A year ago and a half ago, the two heaviest weight classes did not offer up a lot of drama in the US. At 98 kilograms, Caylor Williams (Army/WCAP) was not only firmly in place aboard the top spot, he hadn’t lost to an American in practically years. Robby Smith (NYAC) climbed to the highest rung of the 130 kilo ladder for 2013 and though there have been a pair of athletes who’ve had their moments against other opposition, no one has really gotten close too close to Smith when it’s counted.
That hasn’t exactly changed for Smith. He looked nearly untouchable dismantling Adam Coon (Cliff Keen) in two straight matches in the Olympic Trials finals and was more than holding his own in Rio against Sabah Shariati (AZE, who had tech’ed Smith the year before) before falling victim to a few gutwrench turns and losing 8-2.
As for 98, Joe Rau took the crown right off of Williams’s head in Iowa City before coming up short in the final two qualifying tournaments. Currently, Williams is out of action, Rau is recovering from an injury, and 98 kilos is being presided over by one young phenom and his emerging adversary.
US Greco Roman Wrestlers to Watch in 2017 — 98 kg & 130 kg
Rau lost heartbreaking matches to once-vanquished opponents and though he had a long year leading up, he appeared to be sufficiently viable in both Mongolia and Turkey. Then he went ahead and got his knee repaired in the fall and is still somewhat on the mend. In that time, 19-year old US National Team member G’Angelo Hancock has picked up a Junior World bronze, won an overseas tourney in Sweden, and then the last two Senior events held on US soil — the Bill Farrell Memorial and the US Nationals. In both finals, Hancock was forced to battle with Hayden Zillmer (Minnesota Storm), who himself earned a National Team spot at the Trials, but at a weight class lower. Until Rau is back (which should be well in time for April’s World Team Trials), it is Hancock, Zillmer, and everybody else.
Enock Francois (NYAC) There is not a lengthy list of impressive titles and tournament placings in Francois’s favor just yet but that is bound to change. In a weight class where substance always beats style, Francois is the ultimate lunch-pail guy. He goes out there, gets to work, and whatever happens, happens. Physicality is not a problem for Francois, refinement is. That’ll come with more and more competitive opportunities. Just appreciate the output and the desire for struggle in the meantime until eventually, Francois puts it all together, which could be soon.
Also worth a look…
Daniel Miller (Marines) We’ve talked enough about Miller on here and the story hasn’t changed: Overall wrestling acumen? — more than solid; strength for the weight class? — you bet; instincts and sharpening? — work in progress. At this point, Miller should start trying to recklessly toss everybody.
Zach Merrill (Titan Mercury) There really aren’t a lot of holes in Merrill’s game and when he gets on a run, he’s got a crowd-pleasing element going for him. Slipped up in Vegas, but he definitely wasn’t alone in that regard. He’ll bounce back, he fits nicely here.
Micah Burak (Titan Mercury) Not so fast, you say? Fair enough. Former UPenn All-American Burak wrestles with a calculated fury. He also seems to have discovered how to use his folkstyle base and translate it over to scoring opportunities that fit the Senior style of Greco. Hopefully he sticks around.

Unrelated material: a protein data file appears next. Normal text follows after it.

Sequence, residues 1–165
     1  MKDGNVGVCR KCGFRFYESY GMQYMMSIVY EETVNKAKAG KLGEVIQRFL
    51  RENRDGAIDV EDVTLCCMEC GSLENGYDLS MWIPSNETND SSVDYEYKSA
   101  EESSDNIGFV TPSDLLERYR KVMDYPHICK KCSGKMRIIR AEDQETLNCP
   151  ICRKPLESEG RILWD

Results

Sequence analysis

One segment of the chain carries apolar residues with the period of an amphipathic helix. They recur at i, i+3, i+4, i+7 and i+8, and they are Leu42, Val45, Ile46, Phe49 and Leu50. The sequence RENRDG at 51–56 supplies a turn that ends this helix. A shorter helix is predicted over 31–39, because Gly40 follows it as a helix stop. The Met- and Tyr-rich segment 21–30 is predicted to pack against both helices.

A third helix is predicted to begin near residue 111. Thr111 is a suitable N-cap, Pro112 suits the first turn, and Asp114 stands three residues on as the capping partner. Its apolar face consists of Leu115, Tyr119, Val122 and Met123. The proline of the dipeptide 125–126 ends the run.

Anthony Riopelle (NMU-OTS) Okay, in 2017 Anthony Riopelle is very likely not going to win a major Senior event. He might not even place very high at one. But that’s okay. Riopelle is on the learning curve and education is never a bad thing. Give him a little more time, you’ll like what you see.
It wasn’t just Rau who got cut open, Smith himself went under the knife a few months back. He’s getting back into form soon enough. Toby Erickson (Army/WCAP) has returned from a hiatus that included Officer Candidate School. He was a bit rusty at the Nationals last month but even with that, he had no problem knocking some of it off against WCAP teammate Jacob Mitchell in the finals. It was a tight bout, but one Erickson was in total control of. Coon had been heralded as the biggest threat to Smith here but since he is out for a prolonged stint with an injury, the rest of this weight is a quite close to being labeled a free-for-all.
Eric Fader (Marines) Fans of Fader (that should be a thing) have been forced to bite their tongues and hold their breath as their big guy gets more and more used to what life looks like on the national stage. Take comfort in this: Fader is undercover good. Most of his issues on the mat are correctable and as soon as he realizes he is as agile and explosive as he needs to be, the mechanical nuances might fall into place. Fader can do something here and the best part is, there aren’t hefty expectations weighing him down.
Also worth a look…
Malcom Allen (Minnesota Storm) The one knock against Allen is that he is literally looking up to everybody at 130. This is a division where height matters a bit, after all. But he won’t make the big mistake, he won’t get caught out of position, and has an engine that doesn’t quit. Interesting dude to check out.
Jacob Mitchell (Army/WCAP) Mitchell doesn’t really need too much prodding, everyone basically knows who he is. He fell short of utilizing some of his best gifts against Erickson in the finals. 2017 might not be his, but the talent is undeniable.
Zack Wilcox (MWC) With heavyweight being badly in need of depth, Wilcox has a chance to carve out a nice spot for himself. Has to get over the whole, “I’m a big guy who must do big guy things” and just wrestle.
Ron Dombkowski (NMU-OTS) Undersized by waaaay too much and greener than a lettuce patch, Dombkowski might be better suited for the weight class below and take a Merrill-like route. However, he will fight you and for now, that has to be good enough.